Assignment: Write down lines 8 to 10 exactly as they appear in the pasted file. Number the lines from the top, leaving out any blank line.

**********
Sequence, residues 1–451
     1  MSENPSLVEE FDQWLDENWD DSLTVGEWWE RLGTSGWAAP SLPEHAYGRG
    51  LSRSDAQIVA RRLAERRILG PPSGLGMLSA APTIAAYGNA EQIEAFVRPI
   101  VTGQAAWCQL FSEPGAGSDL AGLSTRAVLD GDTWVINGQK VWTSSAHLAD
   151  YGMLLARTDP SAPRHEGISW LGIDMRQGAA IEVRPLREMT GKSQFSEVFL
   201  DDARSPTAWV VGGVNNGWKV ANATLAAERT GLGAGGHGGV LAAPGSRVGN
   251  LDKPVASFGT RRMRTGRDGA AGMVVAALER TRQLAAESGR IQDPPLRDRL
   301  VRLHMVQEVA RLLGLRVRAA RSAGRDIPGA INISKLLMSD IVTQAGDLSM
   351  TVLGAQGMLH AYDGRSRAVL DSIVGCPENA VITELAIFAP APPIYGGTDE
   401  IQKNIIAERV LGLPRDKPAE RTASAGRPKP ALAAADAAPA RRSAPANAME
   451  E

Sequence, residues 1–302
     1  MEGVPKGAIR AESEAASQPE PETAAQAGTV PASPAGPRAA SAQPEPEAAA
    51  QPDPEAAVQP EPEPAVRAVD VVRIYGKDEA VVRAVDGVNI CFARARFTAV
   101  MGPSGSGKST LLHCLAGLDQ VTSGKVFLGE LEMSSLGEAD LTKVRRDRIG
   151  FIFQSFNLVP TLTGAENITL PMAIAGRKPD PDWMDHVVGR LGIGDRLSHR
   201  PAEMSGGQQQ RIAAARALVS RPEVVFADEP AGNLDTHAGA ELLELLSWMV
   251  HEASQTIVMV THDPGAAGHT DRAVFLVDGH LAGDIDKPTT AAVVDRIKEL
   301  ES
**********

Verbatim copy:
   301  VRLHMVQEVA RLLGLRVRAA RSAGRDIPGA INISKLLMSD IVTQAGDLSM
   351  TVLGAQGMLH AYDGRSRAVL DSIVGCPENA VITELAIFAP APPIYGGTDE
   401  IQKNIIAERV LGLPRDKPAE RTASAGRPKP ALAAADAAPA RRSAPANAME